Vietnam Strongly Banned The Trade And Consumption Of Wildlife

Vietnam and China are the two countries with the skyrocketing mortality rate of wild animals such as rhinos, elephants and pangolins, etc. People killed them not only for food but for some of their body parts that are believed to have curative properties and can treat several illnesses. However, these types of wildlife are also considered to be a factor behind the outbreak of pandemics. Typically, the outbreak of SARS in 2002 was thought to have originated from a parasite virus in civet.

This January, China issued a ban on hunting, trading and consuming terrestrial wildlife that is valuable to the ecosystem, science and society. This decision is expected to be signed into law by the end of this year.

Recently, the animal conservationists sent a recommendation letter to the Prime Minister of Vietnam regarding the wildlife anti-trade action as a measure to prevent the origins of further disease in the future.

Many international wildlife protection organizations signed in the recommendation letter sent to Prime Minister Nguyen Xuan Phuc. Some representatives included Pan Nature, World Wildlife Fund (WWF), Asia Animal Organization, TRAFFIC, Save Vietnam Wildlife Organization and the Wildlife Conservation Group. In the letter, part of its content was to limit human and wildlife interaction through the steady implementation of strict measures against wildlife trade and the elimination of wildlife markets. This is the most effective way to limit future risks related to the transmission of the virus from animals to humans.

Early this March, Prime Minister Phuc said in his response that he had also given the responsibility to the Ministry of Agriculture and Rural Development to progress directives to ban wildlife trade and consumption. The Government approved the decision on April 1st.

Deborah Calmeyer, who runs ROAR Africa, was excited that real acts have finally curtailed the wildlife trade. She shared: “Many people who are trading and consuming wildlife will quickly be enlightened. Even people who don’t usually care about wildlife will now start asking for a ban to protect their safety.”

This content is also available in: Tiếng Việt

#seesomething, saysomething

Culture Magazin magazine always wants to listen and receive contributions from readers.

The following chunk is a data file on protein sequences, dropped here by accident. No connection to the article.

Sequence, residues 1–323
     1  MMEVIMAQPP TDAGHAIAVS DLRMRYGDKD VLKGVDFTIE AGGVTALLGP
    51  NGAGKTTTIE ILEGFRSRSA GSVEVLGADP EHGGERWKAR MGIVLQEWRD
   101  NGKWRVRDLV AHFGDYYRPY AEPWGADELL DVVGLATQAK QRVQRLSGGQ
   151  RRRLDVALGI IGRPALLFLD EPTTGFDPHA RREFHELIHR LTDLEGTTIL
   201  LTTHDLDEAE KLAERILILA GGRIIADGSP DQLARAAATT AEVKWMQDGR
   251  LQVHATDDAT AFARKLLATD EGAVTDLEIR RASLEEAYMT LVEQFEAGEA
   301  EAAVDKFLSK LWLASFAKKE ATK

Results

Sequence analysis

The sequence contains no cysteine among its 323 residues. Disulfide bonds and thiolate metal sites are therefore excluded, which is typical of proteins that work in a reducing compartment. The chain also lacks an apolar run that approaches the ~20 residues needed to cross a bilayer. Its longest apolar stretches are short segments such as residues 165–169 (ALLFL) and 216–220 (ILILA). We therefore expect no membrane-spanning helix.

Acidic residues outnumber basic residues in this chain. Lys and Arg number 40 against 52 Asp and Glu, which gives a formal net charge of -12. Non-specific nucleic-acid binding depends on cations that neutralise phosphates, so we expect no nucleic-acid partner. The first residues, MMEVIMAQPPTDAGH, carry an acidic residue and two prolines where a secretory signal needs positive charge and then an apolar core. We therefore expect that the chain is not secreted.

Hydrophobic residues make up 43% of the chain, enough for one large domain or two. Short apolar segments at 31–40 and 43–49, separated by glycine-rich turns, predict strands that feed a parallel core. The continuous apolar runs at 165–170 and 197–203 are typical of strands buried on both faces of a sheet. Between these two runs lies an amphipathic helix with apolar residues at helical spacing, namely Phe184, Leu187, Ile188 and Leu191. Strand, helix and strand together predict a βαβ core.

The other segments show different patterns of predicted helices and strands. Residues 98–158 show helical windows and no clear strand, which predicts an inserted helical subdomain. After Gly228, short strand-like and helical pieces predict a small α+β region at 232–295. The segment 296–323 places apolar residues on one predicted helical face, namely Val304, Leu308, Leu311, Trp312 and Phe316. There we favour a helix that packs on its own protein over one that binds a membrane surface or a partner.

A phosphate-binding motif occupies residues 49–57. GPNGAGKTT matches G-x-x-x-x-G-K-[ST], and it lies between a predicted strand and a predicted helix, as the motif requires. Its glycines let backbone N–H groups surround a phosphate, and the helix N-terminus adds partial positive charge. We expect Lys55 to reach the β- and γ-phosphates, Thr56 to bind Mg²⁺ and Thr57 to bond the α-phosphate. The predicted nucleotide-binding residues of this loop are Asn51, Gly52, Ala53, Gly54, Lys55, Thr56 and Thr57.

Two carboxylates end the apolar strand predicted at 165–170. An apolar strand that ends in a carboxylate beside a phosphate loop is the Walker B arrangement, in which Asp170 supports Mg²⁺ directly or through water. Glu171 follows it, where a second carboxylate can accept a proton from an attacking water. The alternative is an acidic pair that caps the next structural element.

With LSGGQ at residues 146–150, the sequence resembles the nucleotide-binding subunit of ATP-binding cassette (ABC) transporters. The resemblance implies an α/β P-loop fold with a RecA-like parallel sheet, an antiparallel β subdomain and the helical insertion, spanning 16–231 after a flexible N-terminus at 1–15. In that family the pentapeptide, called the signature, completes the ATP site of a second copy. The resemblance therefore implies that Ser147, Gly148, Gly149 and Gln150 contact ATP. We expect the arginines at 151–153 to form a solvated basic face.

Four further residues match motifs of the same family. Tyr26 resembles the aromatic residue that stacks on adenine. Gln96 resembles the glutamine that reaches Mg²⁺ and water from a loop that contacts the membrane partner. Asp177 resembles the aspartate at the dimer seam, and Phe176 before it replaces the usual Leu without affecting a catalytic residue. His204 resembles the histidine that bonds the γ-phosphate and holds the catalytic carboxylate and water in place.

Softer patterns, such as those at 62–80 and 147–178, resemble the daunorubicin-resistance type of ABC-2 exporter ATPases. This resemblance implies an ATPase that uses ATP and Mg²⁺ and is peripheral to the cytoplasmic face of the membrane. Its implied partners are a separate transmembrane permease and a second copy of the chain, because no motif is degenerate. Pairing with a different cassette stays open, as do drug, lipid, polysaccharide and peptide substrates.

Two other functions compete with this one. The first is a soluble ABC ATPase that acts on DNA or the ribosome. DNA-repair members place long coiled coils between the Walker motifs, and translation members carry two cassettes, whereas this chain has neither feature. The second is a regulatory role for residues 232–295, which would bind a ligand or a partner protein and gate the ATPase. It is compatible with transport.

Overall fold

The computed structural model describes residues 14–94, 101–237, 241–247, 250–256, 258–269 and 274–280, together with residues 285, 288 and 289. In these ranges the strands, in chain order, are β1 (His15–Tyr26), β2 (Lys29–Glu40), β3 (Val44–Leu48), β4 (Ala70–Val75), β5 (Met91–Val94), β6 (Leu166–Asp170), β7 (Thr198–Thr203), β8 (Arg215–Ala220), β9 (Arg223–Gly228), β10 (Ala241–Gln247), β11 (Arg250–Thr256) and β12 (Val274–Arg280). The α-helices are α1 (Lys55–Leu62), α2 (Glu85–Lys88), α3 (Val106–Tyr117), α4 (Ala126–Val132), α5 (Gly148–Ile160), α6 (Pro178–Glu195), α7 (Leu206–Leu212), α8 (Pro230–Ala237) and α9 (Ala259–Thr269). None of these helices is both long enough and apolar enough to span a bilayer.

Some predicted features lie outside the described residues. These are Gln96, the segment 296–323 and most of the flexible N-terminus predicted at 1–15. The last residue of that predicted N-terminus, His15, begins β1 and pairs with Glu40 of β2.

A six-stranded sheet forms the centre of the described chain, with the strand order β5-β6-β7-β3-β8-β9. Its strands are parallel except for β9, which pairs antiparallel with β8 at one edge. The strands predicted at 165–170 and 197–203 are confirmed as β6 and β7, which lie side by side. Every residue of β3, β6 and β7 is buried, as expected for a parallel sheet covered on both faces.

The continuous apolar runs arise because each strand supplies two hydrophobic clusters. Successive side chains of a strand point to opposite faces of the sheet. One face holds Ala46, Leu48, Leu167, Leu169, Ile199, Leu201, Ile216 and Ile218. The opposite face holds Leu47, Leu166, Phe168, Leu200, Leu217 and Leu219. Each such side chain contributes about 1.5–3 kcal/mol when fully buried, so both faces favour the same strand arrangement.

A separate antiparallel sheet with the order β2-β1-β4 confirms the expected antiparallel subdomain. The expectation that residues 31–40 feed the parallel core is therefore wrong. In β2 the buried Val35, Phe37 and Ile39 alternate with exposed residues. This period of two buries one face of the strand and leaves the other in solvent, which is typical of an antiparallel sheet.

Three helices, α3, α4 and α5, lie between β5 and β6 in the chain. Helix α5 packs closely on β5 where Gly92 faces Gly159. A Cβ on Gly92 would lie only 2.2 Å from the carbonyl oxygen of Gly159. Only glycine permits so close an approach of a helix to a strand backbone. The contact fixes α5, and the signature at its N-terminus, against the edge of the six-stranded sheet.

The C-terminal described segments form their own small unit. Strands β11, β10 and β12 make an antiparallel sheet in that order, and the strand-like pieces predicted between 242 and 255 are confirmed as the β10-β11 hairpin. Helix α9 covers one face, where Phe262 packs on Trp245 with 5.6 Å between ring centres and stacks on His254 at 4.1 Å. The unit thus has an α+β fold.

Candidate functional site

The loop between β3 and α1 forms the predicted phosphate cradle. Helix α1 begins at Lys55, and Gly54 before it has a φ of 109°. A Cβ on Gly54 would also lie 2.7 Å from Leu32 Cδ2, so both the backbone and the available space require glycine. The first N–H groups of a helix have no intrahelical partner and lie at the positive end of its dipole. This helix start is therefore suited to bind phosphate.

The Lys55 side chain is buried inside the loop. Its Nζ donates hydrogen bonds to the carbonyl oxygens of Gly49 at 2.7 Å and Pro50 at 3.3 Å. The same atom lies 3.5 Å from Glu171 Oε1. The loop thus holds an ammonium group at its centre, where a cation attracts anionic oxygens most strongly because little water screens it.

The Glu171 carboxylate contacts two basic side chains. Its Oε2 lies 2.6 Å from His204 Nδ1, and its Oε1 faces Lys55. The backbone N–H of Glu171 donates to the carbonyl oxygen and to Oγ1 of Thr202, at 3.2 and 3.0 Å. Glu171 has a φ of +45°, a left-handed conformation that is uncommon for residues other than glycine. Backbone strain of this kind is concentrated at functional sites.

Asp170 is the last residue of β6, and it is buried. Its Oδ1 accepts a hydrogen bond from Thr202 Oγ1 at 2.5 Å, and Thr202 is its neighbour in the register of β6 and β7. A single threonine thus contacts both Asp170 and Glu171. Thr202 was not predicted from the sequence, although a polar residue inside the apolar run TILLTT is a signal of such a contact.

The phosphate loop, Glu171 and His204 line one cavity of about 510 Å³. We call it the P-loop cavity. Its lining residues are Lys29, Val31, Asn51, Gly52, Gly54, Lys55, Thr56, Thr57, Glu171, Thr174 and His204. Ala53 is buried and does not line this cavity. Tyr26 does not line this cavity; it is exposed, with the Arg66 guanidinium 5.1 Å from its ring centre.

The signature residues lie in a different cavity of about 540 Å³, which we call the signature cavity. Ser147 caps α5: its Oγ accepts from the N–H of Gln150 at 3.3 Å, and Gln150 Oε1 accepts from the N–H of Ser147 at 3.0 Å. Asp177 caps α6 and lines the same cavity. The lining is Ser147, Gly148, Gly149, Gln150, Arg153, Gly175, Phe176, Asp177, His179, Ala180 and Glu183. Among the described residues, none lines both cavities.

In case you submit articles about your ideas, interesting social events or hot news that you would like to share with us, email us at info@culturerus.com or inbox us at the FB page – https://www.facebook.com/culturemagazin.
Try our test reporter once. Quality articles will be selected and posted on Culturemagazin’s website and official social networking sites!
#seesomething, saysomething

Discover

Bài Liên Quan

Walking in Their Shoes

The Bata Shoe Museum in Toronto has collaborated with footwear brand Manitobah Mukluks and the non-profit TreadRight Foundation to co-organize a series of...

Tips to help you stay positive during tough times

There will be times when we have to face incredibly challenging situations. They will not only negatively affect our lives but also...

Bank of Canada follows U.S. with Interest Rate cut amid Coronavirus concerns

The Bank of Canada announced today it is cutting its key interest rate by half a percentage point to 1.25% down from 1.75%...

Cleaning supply related poisonings increase in Canada during the COVID-19 pandemic

In a report from Health Canada, there has been a large increase in accidental poisoning due to household cleaning supplies during the...

The Sudden Growth Of Vietnamese FMCG Industry Amid The COVID-19 Pandemic

In 2019, the Vietnam economy showed remarkable growth with the total value of the gross domestic product (GDP) had exceeded the...

The Media and Communication Industry Hit Hard by COVID-19

The COVID-19 global pandemic has not only affected numerous industries, but it has also affected the media and communication field. Weekly newspapers have been...

Buddha & Agricultural God

Dear Mr. Ngan, When I was little, I was often told “Bụt appears.” After I grew up, I...

This content is also available in: Tiếng Việt